“Personal beauty is a greater recommendation than any letter of reference.”
Although the above quote is not attributable to this typeface’s eponym — Diogenes of Sinope — but instead to Diogenes Laërtius, the epigram stands as a perfect allegory of Ludwig Übele’s latest effort. Diogenes is an elegant, seductive beauty that can be used in all kinds of designs, although its creator primarily had books, newspapers, and magazines in mind.
It stands out from the bulk of new releases these days: hardly anyone has the courage to design a modern neoclassical typeface that considers its serifs fully independent parts of each character. While the strokes are rather strong, the serifs are rather thin. Maybe even too thin — in theory. In practice, they are just the thing to make Diogenes something special. I feel as if a gap has been filled that I didn’t even know existed. Further highlights can be found in the italics, especially the letters ‘Q’, ‘f’, ‘j’, and ‘z’, as well as in the complete new swash set, Diogenes Decorative.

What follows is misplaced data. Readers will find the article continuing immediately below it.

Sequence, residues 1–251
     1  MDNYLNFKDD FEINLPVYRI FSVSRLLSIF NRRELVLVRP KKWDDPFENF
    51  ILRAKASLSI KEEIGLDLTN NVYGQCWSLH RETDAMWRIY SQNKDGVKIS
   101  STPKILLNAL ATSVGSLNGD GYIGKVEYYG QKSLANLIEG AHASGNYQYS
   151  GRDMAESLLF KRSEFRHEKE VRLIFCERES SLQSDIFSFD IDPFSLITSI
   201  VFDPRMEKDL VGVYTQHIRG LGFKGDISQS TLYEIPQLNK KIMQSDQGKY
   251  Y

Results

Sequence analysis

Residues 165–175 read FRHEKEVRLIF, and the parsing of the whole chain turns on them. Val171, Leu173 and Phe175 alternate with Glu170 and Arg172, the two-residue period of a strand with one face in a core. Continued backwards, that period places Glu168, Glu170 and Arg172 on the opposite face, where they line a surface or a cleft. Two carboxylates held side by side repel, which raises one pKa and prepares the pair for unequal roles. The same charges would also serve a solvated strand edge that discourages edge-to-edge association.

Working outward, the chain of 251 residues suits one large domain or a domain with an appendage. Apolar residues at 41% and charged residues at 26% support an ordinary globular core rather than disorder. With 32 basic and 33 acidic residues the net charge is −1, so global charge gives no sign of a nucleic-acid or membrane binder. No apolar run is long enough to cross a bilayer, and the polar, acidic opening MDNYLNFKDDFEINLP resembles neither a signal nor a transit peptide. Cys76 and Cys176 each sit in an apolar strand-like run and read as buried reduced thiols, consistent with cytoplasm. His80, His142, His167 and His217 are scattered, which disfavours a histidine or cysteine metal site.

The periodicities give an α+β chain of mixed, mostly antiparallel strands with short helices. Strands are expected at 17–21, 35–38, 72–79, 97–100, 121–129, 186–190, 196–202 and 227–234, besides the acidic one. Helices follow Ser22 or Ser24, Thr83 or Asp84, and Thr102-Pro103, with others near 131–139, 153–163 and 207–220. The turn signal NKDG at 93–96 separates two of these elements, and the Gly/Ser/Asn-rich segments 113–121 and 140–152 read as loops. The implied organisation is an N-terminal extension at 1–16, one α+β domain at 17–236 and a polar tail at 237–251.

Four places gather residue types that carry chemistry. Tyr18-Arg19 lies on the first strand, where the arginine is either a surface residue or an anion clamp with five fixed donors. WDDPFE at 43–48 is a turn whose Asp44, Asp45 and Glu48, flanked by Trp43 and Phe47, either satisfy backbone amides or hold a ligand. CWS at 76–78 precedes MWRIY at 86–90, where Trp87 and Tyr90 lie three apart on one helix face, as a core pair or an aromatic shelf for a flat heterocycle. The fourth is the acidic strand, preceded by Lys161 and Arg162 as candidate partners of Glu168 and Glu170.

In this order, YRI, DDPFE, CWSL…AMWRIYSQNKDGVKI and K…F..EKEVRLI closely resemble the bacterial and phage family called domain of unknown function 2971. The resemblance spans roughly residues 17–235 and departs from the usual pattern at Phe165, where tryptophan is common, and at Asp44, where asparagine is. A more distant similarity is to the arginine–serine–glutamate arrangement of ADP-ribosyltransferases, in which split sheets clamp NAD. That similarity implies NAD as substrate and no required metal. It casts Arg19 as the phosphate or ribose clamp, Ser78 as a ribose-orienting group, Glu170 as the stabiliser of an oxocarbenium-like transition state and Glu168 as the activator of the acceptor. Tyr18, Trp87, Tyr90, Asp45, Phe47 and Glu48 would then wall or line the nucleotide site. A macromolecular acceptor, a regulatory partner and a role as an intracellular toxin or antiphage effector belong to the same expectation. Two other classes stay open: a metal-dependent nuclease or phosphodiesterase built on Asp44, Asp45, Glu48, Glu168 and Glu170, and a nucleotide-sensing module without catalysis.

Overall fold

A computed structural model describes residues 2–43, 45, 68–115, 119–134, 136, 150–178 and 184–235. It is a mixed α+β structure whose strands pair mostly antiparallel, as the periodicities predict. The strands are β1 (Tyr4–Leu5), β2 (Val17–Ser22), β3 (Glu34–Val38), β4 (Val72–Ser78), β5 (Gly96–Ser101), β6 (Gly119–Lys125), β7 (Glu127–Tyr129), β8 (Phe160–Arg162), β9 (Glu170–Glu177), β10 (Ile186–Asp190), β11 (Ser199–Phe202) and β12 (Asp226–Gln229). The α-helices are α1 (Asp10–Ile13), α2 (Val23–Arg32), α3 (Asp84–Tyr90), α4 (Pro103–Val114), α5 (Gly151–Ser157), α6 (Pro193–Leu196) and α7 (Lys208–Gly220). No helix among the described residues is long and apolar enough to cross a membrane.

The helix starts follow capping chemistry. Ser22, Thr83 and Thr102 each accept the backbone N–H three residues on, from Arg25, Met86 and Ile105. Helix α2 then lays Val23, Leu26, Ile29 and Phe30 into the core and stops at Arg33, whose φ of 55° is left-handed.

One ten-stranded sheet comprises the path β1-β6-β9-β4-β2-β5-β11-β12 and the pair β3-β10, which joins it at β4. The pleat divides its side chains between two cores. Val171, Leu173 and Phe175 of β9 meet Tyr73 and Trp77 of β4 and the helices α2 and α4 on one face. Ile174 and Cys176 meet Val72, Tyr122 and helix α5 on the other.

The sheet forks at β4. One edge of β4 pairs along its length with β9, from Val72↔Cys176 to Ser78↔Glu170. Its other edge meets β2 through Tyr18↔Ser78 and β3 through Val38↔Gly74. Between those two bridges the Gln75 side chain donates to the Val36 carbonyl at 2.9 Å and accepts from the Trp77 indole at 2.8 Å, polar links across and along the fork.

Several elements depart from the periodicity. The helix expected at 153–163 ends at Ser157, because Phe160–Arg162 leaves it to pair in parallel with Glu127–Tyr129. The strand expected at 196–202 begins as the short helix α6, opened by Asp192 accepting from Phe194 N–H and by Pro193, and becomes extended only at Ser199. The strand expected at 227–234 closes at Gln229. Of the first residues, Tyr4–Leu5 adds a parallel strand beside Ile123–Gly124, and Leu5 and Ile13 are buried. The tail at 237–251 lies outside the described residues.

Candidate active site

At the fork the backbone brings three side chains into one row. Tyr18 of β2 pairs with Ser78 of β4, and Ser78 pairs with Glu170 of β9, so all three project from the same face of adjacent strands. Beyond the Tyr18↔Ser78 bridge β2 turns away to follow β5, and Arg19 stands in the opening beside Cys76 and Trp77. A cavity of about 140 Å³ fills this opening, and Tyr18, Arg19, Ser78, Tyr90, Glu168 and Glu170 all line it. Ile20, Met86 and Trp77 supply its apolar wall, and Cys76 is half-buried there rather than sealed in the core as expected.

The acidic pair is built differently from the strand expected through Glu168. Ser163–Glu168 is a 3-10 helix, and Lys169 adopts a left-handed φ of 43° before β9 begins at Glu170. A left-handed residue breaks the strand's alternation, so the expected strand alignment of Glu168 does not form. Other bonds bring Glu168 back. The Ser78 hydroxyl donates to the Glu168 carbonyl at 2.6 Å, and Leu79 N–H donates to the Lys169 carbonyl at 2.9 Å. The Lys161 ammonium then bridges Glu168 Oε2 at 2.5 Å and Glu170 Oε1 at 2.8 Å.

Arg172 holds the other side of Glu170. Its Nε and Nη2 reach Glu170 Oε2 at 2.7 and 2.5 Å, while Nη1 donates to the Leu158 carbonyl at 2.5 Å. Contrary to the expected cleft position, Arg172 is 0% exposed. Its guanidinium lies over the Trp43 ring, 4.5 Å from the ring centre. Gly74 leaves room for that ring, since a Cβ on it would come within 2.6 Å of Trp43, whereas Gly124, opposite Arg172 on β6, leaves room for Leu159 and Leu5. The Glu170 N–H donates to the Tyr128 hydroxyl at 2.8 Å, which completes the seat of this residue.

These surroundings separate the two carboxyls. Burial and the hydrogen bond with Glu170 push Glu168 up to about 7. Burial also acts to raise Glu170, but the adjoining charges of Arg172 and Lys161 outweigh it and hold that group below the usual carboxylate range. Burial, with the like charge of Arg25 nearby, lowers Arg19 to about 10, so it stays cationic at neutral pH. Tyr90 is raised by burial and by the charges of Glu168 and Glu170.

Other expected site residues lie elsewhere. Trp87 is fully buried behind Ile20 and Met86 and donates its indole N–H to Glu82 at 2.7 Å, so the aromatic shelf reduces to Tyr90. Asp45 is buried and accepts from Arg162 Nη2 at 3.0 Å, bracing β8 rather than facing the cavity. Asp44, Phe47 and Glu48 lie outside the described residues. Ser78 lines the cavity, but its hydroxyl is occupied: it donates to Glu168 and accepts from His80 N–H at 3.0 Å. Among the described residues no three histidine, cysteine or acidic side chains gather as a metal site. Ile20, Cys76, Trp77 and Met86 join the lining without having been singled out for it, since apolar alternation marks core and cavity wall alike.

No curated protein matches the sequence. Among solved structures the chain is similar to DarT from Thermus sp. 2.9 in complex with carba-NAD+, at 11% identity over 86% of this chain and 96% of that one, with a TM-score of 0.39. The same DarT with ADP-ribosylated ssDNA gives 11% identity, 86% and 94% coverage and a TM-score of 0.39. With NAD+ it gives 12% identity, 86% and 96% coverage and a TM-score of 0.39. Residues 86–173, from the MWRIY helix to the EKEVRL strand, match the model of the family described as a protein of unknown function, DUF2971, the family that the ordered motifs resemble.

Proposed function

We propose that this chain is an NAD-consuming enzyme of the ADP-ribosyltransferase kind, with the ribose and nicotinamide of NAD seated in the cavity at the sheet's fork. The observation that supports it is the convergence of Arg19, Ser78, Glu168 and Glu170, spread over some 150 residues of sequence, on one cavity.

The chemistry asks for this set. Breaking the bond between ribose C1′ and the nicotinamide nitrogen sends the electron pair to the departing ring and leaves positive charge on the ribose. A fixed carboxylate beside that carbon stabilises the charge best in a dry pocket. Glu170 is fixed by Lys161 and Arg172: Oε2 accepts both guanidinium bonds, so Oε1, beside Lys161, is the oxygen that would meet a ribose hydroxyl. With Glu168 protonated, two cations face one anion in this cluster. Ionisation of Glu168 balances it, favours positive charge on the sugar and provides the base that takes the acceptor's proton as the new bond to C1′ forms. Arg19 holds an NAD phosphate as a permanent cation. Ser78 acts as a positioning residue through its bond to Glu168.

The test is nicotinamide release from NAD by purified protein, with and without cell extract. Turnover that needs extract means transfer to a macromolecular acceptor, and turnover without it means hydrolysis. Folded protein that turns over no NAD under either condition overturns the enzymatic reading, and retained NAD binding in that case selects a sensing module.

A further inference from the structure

It’s tricky to apply Trajan’s serif principle to lowercase letters, as it tends to look outmoded. However, Übele’s solution appears so contemporary and modern that it makes me wish for more releases of this kind. Sure, type design is not simply about designing beautiful letters — but it should more often be about unusual approaches.